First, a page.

Budget Chat 2 – Dr Basant K. Kapur

With reference to today’s ST “Making the case for GST roll-back” editorial by Dr Kapur, his principle position is:-

Singapore’s fiscal policy is too supply oriented.

I disagree with Dr Kapur in the following areas. Whether the budget measures are too supply-sided or demand-sided could be a matter of perception.

Keynes gave us fiscal policy measures to manage Aggregate Demand.

Aggregate Demand = Consumption (C) + Investment (I) + Government Spending (G)

My position – When I analyse the headline measures of the Budget, they are as much demand-sided as supply-sided.

  • For the Job Credits Scheme, it is primarily aimed at maintaining the job/income for many and hopefully translate to Consumption. This is a more indirect but maybe sustainable) approach to Consumption as compare to Government just crediting your accounts with some monies. This simple-putting-money-into-your-pockets idea is also done in the form of GST credits.
  • Unfreezing Credit by provding loan guarantees – While this is a way to keep the cash flow going to pay wages, it could be viewed as a means to encourage domestic Investment demand.
  • Double GST rebates – Dr Kapur called for GST roll-back ie. reverse the 2% GST increase to stimulate domestic demand. He argued that negative “real-balance effect” of higher prices due to higher GST would curb Consumption. My views – Would the Double GST rebates achieve the same? Or as GST rebates (and Job Credits schemes) are only given to Singaporeans, does it imply that the postive impact on demand (if any) would be more muted as compared to a GST roll-back to all residents? I hesitate to agree with Dr Kapur until I am given some info on the cost to businesses in changing GST/CPF rates up and down.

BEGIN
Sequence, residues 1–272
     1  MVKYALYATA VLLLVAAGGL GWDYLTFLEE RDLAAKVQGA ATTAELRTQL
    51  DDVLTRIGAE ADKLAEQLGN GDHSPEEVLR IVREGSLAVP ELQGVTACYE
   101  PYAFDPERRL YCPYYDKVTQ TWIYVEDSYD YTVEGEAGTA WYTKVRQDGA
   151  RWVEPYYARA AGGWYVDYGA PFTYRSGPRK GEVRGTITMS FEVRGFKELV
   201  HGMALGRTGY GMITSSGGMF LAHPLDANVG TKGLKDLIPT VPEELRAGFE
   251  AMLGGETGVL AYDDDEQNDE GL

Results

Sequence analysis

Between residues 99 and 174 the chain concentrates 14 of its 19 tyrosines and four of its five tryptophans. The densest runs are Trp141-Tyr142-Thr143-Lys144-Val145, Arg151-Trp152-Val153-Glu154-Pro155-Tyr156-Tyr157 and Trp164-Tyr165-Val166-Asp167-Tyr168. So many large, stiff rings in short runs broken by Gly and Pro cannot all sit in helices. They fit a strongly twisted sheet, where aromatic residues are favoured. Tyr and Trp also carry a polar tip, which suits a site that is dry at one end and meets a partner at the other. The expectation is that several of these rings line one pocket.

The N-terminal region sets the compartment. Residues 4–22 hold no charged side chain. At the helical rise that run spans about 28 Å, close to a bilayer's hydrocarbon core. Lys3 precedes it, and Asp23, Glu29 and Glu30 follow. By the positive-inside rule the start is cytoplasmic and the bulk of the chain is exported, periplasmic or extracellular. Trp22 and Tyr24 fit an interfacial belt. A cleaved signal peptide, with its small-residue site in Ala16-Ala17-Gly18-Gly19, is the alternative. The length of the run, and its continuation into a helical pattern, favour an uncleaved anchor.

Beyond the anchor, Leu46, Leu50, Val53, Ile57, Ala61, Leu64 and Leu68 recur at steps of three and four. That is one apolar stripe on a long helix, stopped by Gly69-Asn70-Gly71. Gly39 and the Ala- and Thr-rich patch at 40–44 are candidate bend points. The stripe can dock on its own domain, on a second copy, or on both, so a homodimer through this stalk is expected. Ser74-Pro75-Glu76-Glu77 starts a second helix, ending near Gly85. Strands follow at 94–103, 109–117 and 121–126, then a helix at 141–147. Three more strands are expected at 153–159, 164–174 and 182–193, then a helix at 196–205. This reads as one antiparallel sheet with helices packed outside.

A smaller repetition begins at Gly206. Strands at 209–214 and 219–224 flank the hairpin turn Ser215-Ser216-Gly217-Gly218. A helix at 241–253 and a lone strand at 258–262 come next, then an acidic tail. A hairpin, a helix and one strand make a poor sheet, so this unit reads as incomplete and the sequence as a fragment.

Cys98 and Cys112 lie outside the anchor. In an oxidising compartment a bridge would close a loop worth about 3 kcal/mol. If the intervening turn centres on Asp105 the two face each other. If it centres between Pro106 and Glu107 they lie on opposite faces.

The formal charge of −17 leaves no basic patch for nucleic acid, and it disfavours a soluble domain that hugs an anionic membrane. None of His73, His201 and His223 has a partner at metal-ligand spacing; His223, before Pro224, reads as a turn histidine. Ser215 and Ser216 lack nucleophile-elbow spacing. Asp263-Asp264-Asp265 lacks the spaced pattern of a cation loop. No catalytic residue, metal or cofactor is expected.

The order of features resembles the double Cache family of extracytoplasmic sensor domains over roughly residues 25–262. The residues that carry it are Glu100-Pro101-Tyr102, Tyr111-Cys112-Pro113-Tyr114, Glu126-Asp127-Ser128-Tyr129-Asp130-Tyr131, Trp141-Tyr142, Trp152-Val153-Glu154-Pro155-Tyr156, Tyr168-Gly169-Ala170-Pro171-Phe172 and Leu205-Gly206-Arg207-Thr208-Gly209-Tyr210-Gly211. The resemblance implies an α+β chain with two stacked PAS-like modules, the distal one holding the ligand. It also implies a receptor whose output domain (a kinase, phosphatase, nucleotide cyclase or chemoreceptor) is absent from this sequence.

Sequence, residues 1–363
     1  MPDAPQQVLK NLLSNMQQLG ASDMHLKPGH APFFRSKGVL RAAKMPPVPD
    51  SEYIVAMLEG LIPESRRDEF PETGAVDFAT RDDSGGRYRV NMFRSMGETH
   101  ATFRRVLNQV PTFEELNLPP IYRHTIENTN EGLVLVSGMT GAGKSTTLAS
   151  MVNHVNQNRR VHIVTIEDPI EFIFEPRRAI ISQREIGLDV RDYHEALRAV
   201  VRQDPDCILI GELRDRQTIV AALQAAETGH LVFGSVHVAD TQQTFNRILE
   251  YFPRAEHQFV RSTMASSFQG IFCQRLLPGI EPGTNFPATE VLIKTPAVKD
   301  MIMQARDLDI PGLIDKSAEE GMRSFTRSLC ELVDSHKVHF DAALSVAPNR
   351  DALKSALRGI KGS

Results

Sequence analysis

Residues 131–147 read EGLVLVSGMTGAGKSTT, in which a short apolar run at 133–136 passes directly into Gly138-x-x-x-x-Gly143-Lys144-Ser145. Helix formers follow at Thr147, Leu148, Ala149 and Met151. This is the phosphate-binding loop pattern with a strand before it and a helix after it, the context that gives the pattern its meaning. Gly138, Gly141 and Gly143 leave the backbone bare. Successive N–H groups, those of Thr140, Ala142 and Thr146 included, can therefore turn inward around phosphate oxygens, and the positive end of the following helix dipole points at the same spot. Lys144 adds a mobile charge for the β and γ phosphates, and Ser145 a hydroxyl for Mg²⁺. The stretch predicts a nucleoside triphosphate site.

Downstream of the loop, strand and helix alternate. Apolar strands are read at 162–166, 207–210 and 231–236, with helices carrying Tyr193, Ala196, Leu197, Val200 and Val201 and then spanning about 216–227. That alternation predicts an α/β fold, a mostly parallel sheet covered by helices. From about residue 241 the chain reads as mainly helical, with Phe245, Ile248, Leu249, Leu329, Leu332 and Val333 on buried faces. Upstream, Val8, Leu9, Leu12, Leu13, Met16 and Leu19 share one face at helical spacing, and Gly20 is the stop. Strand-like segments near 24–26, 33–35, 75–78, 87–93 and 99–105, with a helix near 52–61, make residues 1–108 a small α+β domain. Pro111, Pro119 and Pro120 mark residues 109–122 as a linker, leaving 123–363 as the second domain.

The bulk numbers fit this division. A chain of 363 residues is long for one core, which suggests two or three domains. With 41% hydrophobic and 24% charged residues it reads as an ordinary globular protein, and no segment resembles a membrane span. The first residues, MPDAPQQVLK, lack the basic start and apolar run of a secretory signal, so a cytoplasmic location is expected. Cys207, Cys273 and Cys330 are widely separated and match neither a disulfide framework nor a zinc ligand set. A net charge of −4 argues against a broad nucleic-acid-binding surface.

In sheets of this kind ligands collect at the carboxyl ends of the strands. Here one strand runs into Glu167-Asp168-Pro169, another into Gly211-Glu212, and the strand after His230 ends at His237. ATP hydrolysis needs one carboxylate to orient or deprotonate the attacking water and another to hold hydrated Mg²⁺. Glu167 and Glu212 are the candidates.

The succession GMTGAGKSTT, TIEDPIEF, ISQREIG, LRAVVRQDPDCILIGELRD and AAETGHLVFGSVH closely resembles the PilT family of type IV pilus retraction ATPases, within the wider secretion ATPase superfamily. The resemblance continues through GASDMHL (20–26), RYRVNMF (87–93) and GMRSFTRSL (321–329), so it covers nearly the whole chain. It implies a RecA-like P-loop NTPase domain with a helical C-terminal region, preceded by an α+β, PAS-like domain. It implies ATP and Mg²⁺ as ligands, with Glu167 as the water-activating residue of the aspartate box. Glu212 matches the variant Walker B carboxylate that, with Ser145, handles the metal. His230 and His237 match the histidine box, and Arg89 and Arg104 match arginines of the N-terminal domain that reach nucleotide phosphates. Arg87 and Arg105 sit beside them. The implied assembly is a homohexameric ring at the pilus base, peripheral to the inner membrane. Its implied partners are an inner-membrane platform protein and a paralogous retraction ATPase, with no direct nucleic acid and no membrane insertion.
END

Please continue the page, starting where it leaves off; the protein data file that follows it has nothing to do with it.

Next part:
• $20billion on Construction project – Is this not a direct prescription of Keynes where we would count the intended expenditure as Government Spending (G) and/or Investment (I)? Dr Kapur is asking for 2%/$1.8billion GST roll-back. May I have your view on $20billion thingy too? While the Contractors will be happy first, I am sure when they spend the money they earn, the rest of Singapore will be happy too.
  • The longer term spending on Education, Healthcare, Marriage, Parenthood and Green theme – I would agree with Dr Kapur that these would be more supply-sided initiatives.

Other Dr Kapur’s key views to share:-
The biggest thing that is weighing down on Consumption is Housing. Given the high owner occupied properties and “high” property prices, a lot of purchasing power is directed at maintaining our place of residence.


  1. Dear Mr Wong, about the $20 billion constrution projects, I am very skeptical about this injection will boost the AD of the GDP. No doubt it will increase the AD but it may not maximise the multiplier effect. This construction project will benefit constrution firms, contractor firms, raw material wholesalers, logistics company and other subcontractors. However I believe there will be more capital outflow. For example, raw materials are bought from overseas, subcontractors workers constitute at least 30% of foreign workers and many other hidden costs are flowing back to either the authorities for some reasons or the money are transacted in overseas when SGD is weaken so much. These monies are not filtered to the residents at a faster rate. I must emphasize this is based on my limited knowledge but I hope to see every single cent paid by the people is fully maximized and benefit the local residents.


  2. Hi Wyatt,I do appreciate your view. Nice to hear from you.We have got a very open economy. Leakages ie. any money pump primed the Singapore economy may end up priming other countries.Our roads are built by foreign workers. Our vegetables are from Malaysia and Indonesia.. Alternatively, we can also that by making our neighbours rich, there would be a positive impact to Singapore.Hope…


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